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Author Topic: What got you on the Busnut highway?  (Read 4997 times)
4905 doc
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« on: January 18, 2009, 10:57:01 AM »

I'm sitting here listening to my favorite Harry Chapin song "GreyHound" and got to thinking, what set everyone on the path to busnut heaven? For me, I rode the greyhound all across this country a bunch of times. Loved the way a bus seemed to float over the pavement. (air ride don't you know) Knew on the first ride that there would be a time when I'd own one. Little did I know it would take me into my 50's to finally create my dream bus. Circumstance forced me to sell the old girl, but now the circle has come back around and I'll have another. No way to get it out of your blood I guess.
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« Reply #1 on: January 18, 2009, 11:04:17 AM »

George & Ellen Lowry.  They made a trip across Canada about 7 or 8 years ago now in their GM.  I had toyed with the idea before that but we were pretty happy with our 5th wheel at the time.  After seeing Lowry's conversion and listening to George enthuse about it we were pretty well hooked.  We took a couple of years to look but it was a pretty straight path from their trip to our purchase.
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R.J.(Bob) Evans
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« Reply #2 on: January 18, 2009, 11:23:30 AM »

It all started when I was a very small little boy and buses were my favorite things to be around as my daddy was a bus driver for Greyhound Lines and I use to ride with him on many of his trips when the PD-3751 Silversides were new coaches.
Then the PD-4104's and the PD-4501 Scenicruisers were the number one buses on the road back in the mid 50's and through the early 60's.
The first bus that I bought was a PD-4104 converted it and later sold it to buy a P8M4905A Buffalo that we had converted and still own after a number of years.
It always nice to own a bus and to be able to drive it on trips across our great land. Roll Eyes
jlv
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« Reply #3 on: January 18, 2009, 11:35:42 AM »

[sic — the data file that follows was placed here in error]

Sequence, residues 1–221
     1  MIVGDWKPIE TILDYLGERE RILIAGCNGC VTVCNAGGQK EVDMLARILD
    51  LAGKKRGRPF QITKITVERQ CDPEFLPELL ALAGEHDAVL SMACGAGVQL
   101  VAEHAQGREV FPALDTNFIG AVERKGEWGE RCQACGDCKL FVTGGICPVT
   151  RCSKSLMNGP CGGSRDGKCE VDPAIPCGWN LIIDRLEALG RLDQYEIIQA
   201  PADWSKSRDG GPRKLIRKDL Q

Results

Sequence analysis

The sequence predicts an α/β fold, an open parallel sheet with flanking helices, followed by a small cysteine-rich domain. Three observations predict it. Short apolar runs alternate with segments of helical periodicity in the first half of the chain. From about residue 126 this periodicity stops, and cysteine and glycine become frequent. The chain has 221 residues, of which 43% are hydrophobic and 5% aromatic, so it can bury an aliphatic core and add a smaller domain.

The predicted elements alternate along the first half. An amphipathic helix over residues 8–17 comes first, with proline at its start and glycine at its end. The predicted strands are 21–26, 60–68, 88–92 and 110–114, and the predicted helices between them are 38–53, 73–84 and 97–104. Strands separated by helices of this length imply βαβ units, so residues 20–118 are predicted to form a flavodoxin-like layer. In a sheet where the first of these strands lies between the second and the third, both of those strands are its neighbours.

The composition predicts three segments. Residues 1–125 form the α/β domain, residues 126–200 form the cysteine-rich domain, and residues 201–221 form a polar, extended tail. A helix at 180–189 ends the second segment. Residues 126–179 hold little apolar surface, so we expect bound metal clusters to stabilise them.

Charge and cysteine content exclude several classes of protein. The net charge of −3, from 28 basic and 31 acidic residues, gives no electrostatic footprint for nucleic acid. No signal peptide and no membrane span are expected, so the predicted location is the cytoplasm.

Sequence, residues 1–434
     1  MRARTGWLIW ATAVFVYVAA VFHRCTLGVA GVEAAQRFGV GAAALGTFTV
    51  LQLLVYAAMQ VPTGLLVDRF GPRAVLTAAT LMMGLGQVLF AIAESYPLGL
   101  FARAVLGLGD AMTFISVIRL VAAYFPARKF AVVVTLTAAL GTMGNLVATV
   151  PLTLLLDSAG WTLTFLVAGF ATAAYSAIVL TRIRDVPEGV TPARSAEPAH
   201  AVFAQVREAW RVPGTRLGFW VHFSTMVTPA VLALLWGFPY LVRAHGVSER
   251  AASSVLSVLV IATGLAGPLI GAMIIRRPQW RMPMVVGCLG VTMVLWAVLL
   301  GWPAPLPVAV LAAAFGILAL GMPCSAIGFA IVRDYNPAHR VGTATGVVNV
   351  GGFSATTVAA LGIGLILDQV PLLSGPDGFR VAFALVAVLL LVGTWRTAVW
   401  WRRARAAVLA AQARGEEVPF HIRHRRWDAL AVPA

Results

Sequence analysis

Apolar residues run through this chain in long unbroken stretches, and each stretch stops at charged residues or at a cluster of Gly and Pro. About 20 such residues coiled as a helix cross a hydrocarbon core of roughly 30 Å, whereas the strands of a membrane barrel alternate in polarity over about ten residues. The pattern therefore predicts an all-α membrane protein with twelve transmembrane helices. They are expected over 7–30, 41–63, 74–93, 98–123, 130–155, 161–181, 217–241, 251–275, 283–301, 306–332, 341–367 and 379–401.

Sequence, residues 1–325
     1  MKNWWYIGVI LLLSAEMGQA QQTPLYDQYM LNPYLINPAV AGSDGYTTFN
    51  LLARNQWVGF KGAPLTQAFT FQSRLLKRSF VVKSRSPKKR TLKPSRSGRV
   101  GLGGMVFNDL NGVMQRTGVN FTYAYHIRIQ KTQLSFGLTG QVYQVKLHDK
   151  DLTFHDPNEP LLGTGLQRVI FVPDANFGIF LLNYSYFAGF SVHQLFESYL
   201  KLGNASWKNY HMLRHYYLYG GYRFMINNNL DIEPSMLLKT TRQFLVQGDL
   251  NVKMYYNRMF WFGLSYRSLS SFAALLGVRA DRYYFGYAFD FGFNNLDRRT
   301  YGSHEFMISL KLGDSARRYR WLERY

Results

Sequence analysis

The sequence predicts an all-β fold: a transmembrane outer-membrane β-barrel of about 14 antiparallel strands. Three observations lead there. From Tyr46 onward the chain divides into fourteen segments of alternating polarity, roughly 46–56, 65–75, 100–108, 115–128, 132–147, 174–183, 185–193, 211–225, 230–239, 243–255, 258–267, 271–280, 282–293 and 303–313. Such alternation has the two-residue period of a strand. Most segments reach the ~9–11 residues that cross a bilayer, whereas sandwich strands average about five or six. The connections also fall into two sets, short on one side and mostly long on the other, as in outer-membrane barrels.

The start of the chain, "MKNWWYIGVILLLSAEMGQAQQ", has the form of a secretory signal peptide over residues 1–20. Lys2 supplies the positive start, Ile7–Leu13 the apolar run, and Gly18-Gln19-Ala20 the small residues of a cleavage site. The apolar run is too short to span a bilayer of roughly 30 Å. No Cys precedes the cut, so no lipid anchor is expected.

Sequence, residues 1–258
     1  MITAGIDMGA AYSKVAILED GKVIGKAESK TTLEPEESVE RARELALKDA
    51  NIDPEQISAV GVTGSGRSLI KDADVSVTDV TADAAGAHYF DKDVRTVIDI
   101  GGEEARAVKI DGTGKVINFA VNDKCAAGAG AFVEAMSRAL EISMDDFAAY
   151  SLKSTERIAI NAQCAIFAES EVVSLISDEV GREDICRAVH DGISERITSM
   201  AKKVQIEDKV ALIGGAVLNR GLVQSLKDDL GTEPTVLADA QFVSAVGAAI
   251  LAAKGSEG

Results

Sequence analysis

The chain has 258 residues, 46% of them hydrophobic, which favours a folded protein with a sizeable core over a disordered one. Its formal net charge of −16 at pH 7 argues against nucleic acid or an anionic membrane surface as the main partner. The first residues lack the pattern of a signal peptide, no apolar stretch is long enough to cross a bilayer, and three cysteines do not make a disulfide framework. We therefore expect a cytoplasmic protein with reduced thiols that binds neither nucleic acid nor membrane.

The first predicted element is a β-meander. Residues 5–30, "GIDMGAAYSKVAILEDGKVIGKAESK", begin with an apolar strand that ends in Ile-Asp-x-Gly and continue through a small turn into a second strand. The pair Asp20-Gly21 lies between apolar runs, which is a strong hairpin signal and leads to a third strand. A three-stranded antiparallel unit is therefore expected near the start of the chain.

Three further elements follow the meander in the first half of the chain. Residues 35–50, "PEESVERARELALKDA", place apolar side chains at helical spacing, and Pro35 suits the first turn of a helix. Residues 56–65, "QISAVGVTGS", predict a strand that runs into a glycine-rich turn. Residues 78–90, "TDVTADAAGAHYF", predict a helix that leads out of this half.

I saw a Scenicruiser in a lot in Detroit...I started looking around for info on them...found this sight...talked to some folks...found a Scenic in Hollywood, FL...there you go!
And if I never get the bus going, (And I will) the friends met and experiences doing this makes it still worth every penny!
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Jack Hart, CDS
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« Reply #4 on: January 18, 2009, 12:04:57 PM »

In the mid to late sixties I commuted from Marin County across the Golden Gate bridge to San Francisco when I worked for PG&E.  My ride was a Greyhound 4104 and never in my wildest dreams would I have thought that twenty years later in 1985 I would own a a 1960 4104!! 

We had that wonderful ole girl for 16+ years and many, many wonderful miles and memories!
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Gary D

USBUSIN was our 1960 PD4104 for 16 years Ustruckin' is our 2001 Freightliner truck conversion
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« Reply #5 on: January 18, 2009, 12:32:59 PM »

Driving a bus for Brewster's through the 70's in the Canadian Rockies. We still had MCI Courier 96s then that were used for local sightseeing tours and to the ski hills in the winter. When they were sold in '77, I thought they would make a nice motorhome, but didn't do anything about it. Then 4 years ago, I saw one in the Trader that had been converted in '77. When I saw it, I had to have it! It followed me home! I redid the interior the first winter after using it all summer. The following winter, I put a turbo charger on the 4-71. Right now, I'm doing an out-of-frame engine rebuild. I have as much fun wrenching on it as I do using it in the summer. We use it a lot with my two teen-age sons and my wife. It draws a lot of attention where-ever we go. The MCI Courier 96 (built in Winnipeg), is what Greyhound was running in Canada in the fifties while the GM 4104 was all over the US. Greyhound in the US didn't start running MCIs untill the '60s with the MC5.

I also drive and maintain the local Junior Hockey team's bus as a volunteer, a MCI 102D3. (Replacing 2 air bags tomorrow or Tuesday, fun...)

Once a bus driver, always a bus driver.

JC
 
 
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JC
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« Reply #6 on: January 18, 2009, 12:35:15 PM »

Crazy as it sounds, way back in 1969 when I was 19 or sosss, I drove a school bus part time while pretending to go to junior college full time.  As my seniority rose, finally was assigned to a 1963 Crown 40-foot 10-wheeler hauling high school kids.